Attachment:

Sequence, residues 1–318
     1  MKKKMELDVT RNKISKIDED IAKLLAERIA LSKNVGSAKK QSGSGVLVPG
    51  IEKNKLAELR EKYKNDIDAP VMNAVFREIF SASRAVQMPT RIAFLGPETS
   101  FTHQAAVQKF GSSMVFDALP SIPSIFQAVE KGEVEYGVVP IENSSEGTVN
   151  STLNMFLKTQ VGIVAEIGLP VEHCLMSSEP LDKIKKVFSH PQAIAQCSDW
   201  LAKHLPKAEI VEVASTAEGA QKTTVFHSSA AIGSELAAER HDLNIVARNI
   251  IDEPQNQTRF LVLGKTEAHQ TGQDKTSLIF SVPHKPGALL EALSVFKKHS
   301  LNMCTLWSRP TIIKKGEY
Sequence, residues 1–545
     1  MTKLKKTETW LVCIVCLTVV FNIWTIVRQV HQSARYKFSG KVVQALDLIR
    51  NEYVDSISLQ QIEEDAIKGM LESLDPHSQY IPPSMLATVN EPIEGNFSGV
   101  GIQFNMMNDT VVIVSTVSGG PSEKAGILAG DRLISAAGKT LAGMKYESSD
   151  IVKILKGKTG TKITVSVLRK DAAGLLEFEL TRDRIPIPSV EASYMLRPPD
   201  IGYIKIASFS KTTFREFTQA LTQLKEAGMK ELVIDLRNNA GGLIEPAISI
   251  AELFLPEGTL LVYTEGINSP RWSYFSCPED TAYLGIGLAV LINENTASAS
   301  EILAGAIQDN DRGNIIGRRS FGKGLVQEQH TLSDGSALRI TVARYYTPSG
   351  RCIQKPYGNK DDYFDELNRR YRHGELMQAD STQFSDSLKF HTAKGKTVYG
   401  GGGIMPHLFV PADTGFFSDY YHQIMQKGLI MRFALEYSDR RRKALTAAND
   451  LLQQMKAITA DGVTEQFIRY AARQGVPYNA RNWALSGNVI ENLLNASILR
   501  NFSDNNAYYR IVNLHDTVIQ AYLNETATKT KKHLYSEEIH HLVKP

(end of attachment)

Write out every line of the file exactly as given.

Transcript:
Sequence, residues 1–318
     1  MKKKMELDVT RNKISKIDED IAKLLAERIA LSKNVGSAKK QSGSGVLVPG
    51  IEKNKLAELR EKYKNDIDAP VMNAVFREIF SASRAVQMPT RIAFLGPETS
   101  FTHQAAVQKF GSSMVFDALP SIPSIFQAVE KGEVEYGVVP IENSSEGTVN
   151  STLNMFLKTQ VGIVAEIGLP VEHCLMSSEP LDKIKKVFSH PQAIAQCSDW
   201  LAKHLPKAEI VEVASTAEGA QKTTVFHSSA AIGSELAAER HDLNIVARNI
   251  IDEPQNQTRF LVLGKTEAHQ TGQDKTSLIF SVPHKPGALL EALSVFKKHS
   301  LNMCTLWSRP TIIKKGEY
Sequence, residues 1–545
     1  MTKLKKTETW LVCIVCLTVV FNIWTIVRQV HQSARYKFSG KVVQALDLIR
    51  NEYVDSISLQ QIEEDAIKGM LESLDPHSQY IPPSMLATVN EPIEGNFSGV
   101  GIQFNMMNDT VVIVSTVSGG PSEKAGILAG DRLISAAGKT LAGMKYESSD
   151  IVKILKGKTG TKITVSVLRK DAAGLLEFEL TRDRIPIPSV EASYMLRPPD
   201  IGYIKIASFS KTTFREFTQA LTQLKEAGMK ELVIDLRNNA GGLIEPAISI
   251  AELFLPEGTL LVYTEGINSP RWSYFSCPED TAYLGIGLAV LINENTASAS
   301  EILAGAIQDN DRGNIIGRRS FGKGLVQEQH TLSDGSALRI TVARYYTPSG
   351  RCIQKPYGNK DDYFDELNRR YRHGELMQAD STQFSDSLKF HTAKGKTVYG
   401  GGGIMPHLFV PADTGFFSDY YHQIMQKGLI MRFALEYSDR RRKALTAAND
   451  LLQQMKAITA DGVTEQFIRY AARQGVPYNA RNWALSGNVI ENLLNASILR
   501  NFSDNNAYYR IVNLHDTVIQ AYLNETATKT KKHLYSEEIH HLVKP